In an embodiment of the invention, writing of servo information may be executed at a constant track pitch; it is not necessary to re-write the servo information that has been already written in order to emulate with software; and the processing time for writing of the servo information can be reduced compared to the time necessary conventionally. Furthermore, the yield of the heads can be held because the track pitch can be set freely according to the performance of the head, and the disk can be partitioned into a plurality of zones and the track pitch can be set for each of the zones.

BRIEF DESCRIPTION OF THE DRAWINGS

The above and other objects, aspects, features and advantages of the present invention will become more apparent from the following detailed description when taken in conjunction with the accompanying drawings, in which:

FIG. 1 is an appearance illustrating an internal view of an HDD;

FIG. 2 is a block diagram of the composition of a recording apparatus according to an embodiment of the invention;

FIGS. 3A and 3B show an example of a case where the zone is single;

FIGS. 4A and 4B show an example of the case where the zones are plural;

FIGS. 5A and 5B shows the view of the servo information written on the disk;

FIG. 6 shows a flowchart illustrating a seeking process;

FIGS. 7A and 7B illustrate a detailed example of the case where the zones are plural;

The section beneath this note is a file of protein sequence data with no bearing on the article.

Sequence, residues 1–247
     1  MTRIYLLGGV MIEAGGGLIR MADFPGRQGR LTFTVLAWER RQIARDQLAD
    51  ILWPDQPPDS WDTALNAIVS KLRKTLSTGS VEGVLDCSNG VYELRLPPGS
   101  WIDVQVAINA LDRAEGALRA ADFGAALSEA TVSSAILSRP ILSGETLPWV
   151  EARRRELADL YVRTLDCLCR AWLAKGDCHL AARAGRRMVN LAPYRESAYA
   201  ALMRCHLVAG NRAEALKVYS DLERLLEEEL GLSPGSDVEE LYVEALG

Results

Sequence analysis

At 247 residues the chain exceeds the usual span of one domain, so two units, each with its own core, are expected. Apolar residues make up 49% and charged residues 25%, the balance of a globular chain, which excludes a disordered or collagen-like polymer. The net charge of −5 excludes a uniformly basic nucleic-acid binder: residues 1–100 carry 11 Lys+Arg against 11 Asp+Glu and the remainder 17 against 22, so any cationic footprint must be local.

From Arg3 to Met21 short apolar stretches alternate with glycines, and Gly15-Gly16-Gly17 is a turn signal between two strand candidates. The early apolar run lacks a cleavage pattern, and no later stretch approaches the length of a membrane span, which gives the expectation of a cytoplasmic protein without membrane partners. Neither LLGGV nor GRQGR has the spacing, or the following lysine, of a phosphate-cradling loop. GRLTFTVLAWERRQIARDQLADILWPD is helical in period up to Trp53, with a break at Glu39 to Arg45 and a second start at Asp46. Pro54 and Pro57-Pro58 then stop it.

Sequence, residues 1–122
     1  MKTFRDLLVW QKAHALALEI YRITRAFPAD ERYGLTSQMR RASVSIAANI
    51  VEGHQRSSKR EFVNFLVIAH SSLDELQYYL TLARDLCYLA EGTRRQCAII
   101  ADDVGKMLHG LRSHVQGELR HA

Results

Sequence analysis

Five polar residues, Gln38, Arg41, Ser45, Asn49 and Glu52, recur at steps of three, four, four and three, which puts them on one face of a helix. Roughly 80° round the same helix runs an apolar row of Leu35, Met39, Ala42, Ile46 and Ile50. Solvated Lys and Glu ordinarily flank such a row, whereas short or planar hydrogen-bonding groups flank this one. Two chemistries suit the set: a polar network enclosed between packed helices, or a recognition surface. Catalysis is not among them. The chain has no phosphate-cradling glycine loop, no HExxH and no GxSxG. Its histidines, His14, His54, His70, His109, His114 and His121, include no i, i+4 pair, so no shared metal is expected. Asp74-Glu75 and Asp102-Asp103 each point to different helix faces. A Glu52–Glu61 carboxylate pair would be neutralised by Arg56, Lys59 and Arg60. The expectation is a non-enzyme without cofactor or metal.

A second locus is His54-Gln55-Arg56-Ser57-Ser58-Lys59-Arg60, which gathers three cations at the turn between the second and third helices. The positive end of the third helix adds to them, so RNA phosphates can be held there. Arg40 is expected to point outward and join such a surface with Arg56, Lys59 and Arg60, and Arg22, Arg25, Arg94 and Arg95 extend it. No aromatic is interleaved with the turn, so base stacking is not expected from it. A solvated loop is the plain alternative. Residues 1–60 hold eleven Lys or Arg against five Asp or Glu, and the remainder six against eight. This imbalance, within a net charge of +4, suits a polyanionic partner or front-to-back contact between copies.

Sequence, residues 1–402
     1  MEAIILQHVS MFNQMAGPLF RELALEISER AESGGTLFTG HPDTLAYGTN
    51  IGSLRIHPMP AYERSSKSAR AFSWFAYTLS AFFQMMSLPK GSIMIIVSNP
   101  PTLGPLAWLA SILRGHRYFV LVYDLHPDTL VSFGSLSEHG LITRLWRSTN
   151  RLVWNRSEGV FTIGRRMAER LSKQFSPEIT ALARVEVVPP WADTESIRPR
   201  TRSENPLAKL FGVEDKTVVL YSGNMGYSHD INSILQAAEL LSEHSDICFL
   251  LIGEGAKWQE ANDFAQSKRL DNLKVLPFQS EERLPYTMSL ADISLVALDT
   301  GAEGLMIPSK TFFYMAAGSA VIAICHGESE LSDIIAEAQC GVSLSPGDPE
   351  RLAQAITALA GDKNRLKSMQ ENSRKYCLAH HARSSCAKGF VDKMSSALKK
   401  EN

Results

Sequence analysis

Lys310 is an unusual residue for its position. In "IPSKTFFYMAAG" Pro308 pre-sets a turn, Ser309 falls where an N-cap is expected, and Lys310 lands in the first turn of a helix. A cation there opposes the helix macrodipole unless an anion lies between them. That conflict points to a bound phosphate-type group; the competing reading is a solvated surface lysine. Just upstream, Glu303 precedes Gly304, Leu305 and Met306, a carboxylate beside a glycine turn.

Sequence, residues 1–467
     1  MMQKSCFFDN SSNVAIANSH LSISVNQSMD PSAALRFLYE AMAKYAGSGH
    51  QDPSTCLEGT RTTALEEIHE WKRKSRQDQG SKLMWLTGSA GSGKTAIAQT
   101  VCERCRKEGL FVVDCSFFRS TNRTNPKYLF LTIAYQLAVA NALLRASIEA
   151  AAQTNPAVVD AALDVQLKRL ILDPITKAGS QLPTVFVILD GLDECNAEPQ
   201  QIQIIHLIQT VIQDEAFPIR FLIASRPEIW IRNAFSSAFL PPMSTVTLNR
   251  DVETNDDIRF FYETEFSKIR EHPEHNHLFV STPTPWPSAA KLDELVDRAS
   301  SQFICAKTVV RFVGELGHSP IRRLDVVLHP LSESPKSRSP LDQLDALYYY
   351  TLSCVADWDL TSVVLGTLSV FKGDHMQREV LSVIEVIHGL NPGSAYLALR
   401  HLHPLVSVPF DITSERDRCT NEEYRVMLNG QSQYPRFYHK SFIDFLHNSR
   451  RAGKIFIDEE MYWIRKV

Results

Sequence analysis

FIG. 8 shows a view featuring the disk contained in the recording apparatus;

FIG. 9 is a graph showing the relation between the distance from a spindle and the track pitch; and

FIG. 10 illustrates a plurality of heads included in the recording apparatus.

DESCRIPTION OF THE PREFERRED EMBODIMENT

An embodiment of the invention will now be described with reference to the drawings. It is to be noted, however, that the technical scope of the invention is not limited to that embodiment.

The invention relates to a head control method employed when information is recorded on a disk or information recorded on a disk is read.

First, a recording apparatus to which the head control method of the invention is applied will be described and, thereafter, the embodiment of the head control method of the invention will be described.

FIG. 1 illustrates an internal view of a recording apparatus to which the head control method of the invention is applied. The disk 1 is a discoidal recording medium rotated by the cylindrical spindle 2. A plurality of servo patterns 3 including the servo information are written radially in advance on the surface of the disk 1. A plurality of tracks 4 are determined concentrically such that points at an equal distance from the center of the spindle 2 fall on the same track number.